Often nanostuctures naturally attach to surfaces. For example, nanotubes naturally directly attach to many surfaces. They can be moved on the surface but only with considerable shear forces from the probe.

Figure 3: Single walled Carbon Nanotubes produced with a CVD process and an iron catalyst.


Figure 4: Contact mode AFM image of 14 nm diameter colloidal gold spheres on a mica substrate previously coated with a poly-L-Lysine film. Figure 4A shows three spheres on the surface. Figure 4B shows an SEM image of the AFM probe used for measuring the AFM image. Figure 4C is a line profile of the sphere; the measured diameter is approximately 13 nm.

In instances where there is no "natural" substrate, it often helps to use sticky substrates. Many of the common microscopy sample mounting supplies are appropriately covered through the use of double sided conductive carbon discs, sheets, and tapes. However, the unique needs of the AFM probe require some additional accommodation to expose a flat and stable surface. Examples of the two most recently successful techniques are described below. Supplies may be purchased at several microscopy supply venders. The ones used in the following example were purchased from SPI Supplies, Inc.

"Tacky Dot" Slides
One of the easiest substrates for mounting nanoparticles is to use "Tacky Dot " slides which are commercially available. Each slide has an array of sticky material that can be used to bond nanomaterails to the glass slide; see figure 5.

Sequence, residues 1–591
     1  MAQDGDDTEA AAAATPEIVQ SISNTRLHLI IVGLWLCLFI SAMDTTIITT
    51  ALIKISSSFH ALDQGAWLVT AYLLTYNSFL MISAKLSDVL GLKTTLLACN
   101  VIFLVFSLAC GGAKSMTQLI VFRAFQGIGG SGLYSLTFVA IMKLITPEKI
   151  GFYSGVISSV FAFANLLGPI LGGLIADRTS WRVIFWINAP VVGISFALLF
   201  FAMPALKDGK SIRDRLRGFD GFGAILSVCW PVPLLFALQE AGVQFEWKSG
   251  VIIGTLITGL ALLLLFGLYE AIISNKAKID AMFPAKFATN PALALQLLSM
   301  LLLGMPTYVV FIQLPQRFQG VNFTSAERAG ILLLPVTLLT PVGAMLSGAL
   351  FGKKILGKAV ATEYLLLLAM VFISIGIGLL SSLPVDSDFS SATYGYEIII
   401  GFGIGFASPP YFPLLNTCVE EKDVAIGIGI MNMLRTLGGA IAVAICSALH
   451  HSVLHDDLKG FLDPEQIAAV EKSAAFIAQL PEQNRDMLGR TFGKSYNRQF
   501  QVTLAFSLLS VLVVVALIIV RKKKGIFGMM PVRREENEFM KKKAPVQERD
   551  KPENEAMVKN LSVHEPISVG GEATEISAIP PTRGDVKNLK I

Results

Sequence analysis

Figure 5: This is an example of a "Tacky Dot" slide. On each slide is an array of sticky material that can bond nanomaterials to the glass slide. "Tacky Dot" sizes are available down to 15µm in diameter.


Figure 6: This is an optical microscope view of a "Tacky Dot" in an AFM. The "Tacky Dot" is round. At the right of the image is the AFM cantilever. Note that the cantilever is not in optical focus while the "Tacky Dot" is.


Figure 7: Images 7a and 7b are of nanoparticles bonded to a "Tacky Dot". 7A is a 1.4µm X 1.4µm topographical image displayed in a 3D format. Figure 7b is a 700nm X 700nm image measured with material sensing mode. The nanoparticles are easily visualized in the image 7b. The circles in figure 7a and Figure 7b designate the same area of the sample.